early 50s and widely known as the "Young Turks".
"They see no definite future and are just sitting
around in the office with nothing to do," said a
well-placed source in the capital, Naypyidaw.
"They are watching their colleagues hiding behind
their uniforms and building up massive fortunes
from corruption in government," he said.
So far, apart from governmental inertia,
there are no overt signs of a palace coup. "There
is no doubt that many in the army are extremely
unhappy with they way things are going, and are
concerned about what will happen to them after the
referendum and the elections," said a Thai
military intelligence official. "Nothing can be
ruled out at this stage as resentment and anger is
growing among the junior officers and the
rank-and-file soldiers," said Win Min, an
independent analyst based at Chiang Mai University
in northern Thailand.
ministers, some insiders believe, may in fact be
planning a pre-emptive strike to protect their
positions. The Fisheries minister, Maung Maung
Thein, and BSO officials Maung Bo and Ye Myint,
are all currently under secret investigation by
the Bureau of Special Investigations on
allegations of bribery, kickbacks and illegal
smuggling, a well-placed source inside the regime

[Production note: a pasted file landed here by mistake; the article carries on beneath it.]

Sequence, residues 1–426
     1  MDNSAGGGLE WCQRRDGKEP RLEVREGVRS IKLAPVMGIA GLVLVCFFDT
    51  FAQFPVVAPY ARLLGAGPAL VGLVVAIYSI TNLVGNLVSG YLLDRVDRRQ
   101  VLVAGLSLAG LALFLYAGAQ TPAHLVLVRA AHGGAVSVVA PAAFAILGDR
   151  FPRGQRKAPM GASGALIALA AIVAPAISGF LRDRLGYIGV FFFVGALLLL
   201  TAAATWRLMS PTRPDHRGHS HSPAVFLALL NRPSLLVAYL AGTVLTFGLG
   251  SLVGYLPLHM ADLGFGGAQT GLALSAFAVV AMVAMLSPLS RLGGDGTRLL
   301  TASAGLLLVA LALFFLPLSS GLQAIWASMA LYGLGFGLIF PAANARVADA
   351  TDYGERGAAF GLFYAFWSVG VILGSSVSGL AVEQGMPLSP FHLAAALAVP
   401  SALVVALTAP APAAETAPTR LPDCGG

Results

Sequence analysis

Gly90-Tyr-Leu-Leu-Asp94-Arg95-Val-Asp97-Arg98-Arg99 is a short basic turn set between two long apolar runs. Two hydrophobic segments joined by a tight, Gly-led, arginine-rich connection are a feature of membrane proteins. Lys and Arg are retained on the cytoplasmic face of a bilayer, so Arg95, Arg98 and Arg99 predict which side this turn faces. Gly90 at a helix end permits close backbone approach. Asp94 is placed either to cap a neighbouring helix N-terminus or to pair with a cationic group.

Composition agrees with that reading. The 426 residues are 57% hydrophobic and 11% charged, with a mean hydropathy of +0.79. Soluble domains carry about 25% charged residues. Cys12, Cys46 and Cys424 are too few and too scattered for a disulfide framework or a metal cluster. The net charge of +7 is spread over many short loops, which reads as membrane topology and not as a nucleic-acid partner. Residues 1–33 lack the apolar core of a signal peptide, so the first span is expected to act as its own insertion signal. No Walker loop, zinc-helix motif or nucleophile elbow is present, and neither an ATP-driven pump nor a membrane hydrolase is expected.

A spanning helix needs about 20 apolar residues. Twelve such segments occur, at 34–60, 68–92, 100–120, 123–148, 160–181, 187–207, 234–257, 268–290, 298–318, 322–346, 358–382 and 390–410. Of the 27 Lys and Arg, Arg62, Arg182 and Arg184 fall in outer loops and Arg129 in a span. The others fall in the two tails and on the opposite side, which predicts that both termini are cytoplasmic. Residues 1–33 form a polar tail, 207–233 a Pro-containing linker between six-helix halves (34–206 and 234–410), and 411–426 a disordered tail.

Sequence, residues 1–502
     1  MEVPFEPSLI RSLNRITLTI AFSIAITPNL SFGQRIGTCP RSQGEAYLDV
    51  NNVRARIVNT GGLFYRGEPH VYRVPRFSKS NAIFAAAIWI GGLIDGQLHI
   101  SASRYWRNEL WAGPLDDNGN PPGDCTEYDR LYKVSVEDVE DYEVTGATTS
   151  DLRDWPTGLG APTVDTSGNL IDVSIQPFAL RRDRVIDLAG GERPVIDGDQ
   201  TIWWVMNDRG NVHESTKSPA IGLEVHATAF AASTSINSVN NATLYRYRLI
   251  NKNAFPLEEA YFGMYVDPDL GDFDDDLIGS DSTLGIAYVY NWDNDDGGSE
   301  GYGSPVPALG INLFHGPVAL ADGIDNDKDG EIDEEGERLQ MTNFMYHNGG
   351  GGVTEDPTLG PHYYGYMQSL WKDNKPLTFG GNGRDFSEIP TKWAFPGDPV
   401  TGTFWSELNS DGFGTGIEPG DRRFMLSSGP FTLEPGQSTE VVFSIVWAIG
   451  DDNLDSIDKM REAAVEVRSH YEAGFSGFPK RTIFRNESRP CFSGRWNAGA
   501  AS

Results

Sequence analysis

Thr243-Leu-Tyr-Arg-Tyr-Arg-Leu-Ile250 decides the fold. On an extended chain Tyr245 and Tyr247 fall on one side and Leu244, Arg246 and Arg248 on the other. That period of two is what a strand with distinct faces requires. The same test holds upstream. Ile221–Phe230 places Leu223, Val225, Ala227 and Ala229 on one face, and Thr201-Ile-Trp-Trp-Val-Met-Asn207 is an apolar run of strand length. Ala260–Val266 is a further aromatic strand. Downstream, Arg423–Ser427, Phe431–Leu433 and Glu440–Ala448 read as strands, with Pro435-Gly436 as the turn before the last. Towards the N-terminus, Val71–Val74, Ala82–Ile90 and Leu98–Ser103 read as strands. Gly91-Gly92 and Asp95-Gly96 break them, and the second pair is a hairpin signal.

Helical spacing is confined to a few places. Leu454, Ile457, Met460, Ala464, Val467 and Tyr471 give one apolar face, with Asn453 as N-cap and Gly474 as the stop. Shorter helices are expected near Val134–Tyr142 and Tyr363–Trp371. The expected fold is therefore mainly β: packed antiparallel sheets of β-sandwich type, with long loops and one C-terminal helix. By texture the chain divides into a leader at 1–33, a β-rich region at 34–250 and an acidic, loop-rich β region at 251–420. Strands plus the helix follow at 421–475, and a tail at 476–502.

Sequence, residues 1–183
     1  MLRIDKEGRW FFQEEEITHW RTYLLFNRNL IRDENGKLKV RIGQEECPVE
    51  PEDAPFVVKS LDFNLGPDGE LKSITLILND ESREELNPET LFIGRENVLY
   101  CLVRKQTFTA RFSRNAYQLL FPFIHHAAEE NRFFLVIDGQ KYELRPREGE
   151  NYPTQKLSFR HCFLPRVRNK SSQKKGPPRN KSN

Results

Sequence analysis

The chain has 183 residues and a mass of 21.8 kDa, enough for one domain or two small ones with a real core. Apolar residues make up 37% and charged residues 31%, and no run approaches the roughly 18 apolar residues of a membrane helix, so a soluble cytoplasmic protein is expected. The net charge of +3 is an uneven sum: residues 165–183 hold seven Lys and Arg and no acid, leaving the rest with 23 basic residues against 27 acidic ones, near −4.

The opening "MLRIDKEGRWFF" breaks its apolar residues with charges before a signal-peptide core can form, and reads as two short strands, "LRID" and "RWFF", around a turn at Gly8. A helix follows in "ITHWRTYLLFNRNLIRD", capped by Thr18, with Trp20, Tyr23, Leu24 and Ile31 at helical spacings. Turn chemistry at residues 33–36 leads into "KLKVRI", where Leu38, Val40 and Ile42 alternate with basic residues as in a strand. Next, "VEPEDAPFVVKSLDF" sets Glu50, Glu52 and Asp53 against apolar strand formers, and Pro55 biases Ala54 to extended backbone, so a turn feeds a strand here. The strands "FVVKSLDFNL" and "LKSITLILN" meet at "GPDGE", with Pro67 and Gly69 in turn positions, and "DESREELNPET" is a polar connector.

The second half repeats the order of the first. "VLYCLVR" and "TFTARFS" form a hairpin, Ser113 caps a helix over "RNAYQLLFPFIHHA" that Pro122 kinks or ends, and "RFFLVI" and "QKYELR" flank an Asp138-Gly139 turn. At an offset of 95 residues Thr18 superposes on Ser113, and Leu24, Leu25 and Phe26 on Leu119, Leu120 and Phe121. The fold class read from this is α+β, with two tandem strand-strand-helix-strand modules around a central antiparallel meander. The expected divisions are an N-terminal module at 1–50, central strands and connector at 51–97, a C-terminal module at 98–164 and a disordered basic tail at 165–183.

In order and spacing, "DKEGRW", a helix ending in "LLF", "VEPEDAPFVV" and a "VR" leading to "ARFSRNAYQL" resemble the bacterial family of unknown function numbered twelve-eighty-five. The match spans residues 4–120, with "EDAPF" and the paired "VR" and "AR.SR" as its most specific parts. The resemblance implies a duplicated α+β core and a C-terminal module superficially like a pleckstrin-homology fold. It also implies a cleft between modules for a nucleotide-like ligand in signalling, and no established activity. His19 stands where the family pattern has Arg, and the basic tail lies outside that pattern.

told Asia Times Online on condition of anonymity.
Several other ministers and members of the SPDC,
and their families, are also under investigation,
according to the same source.
apparently one main reason why the ruling council
has not held its regular quarterly meeting for
more than nine months. Military insiders say Than
Shwe wants to avoid the meeting because he knows
Maung Aye will, based on the evidence of the
investigations, demand the resignations of at
least four BSO-affiliated officers - including
Maung Bo and Ye Myint. The council meeting held
last year reportedly ended when Maung Aye refused
to accept Than Shwe's recommendation that Maung Bo
be promoted to a full general, according to
Myanmar military sources.
generals have not met [for the quarterly meeting]
for months, since before the August and September
protests, so during that time, apart from the
appointment of three regional commanders, there
have been no promotions," said the academic Win
Min. "The impact of this will certainly add to the
growing frustration amongst some of the commanders
who should have already been promoted," he said.
For over a year there has been near total
inertia in Myanmar's new capital as the ailing
Than Shwe becomes more withdrawn and reclusive and
tries to chart a course that will protect his
family's interests after he passes from the scene.
Some military observers believe that the junta
leader's well-worn divide-and-rule tactics may
eventually backfire, as a growing number of top
generals immediately below him view his plans to
move towards "discipline democracy" as a threat to
their future positions and power.
cannot rule out the possibility of a mutiny or
purges within the army," said independent analyst
Aung Naing Oo. "Than Shwe is standing in the way
of change, but so far no one has had the guts to
tell him that he is the main obstacle."
news of the investigations and concerns about the
planned democratic transition become more
widespread, the potential for purges and coups
will only grow.
previously covered Myanmar politics for the
British Broadcasting Corp. He is currently a
freelance journalist based in Bangkok.